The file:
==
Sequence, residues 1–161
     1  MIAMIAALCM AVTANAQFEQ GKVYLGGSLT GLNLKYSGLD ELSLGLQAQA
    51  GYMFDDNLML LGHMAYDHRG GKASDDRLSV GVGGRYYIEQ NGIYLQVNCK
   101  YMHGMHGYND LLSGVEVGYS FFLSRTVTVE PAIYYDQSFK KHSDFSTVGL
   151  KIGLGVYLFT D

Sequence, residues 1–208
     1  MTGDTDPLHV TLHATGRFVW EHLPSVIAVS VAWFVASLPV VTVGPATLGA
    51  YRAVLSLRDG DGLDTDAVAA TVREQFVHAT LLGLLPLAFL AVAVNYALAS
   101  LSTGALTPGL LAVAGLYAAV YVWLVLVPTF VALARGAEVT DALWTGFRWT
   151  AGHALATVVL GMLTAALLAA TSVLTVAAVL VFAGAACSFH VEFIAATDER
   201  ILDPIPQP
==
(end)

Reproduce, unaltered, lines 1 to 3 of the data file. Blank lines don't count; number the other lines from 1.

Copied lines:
Sequence, residues 1–161
     1  MIAMIAALCM AVTANAQFEQ GKVYLGGSLT GLNLKYSGLD ELSLGLQAQA
    51  GYMFDDNLML LGHMAYDHRG GKASDDRLSV GVGGRYYIEQ NGIYLQVNCK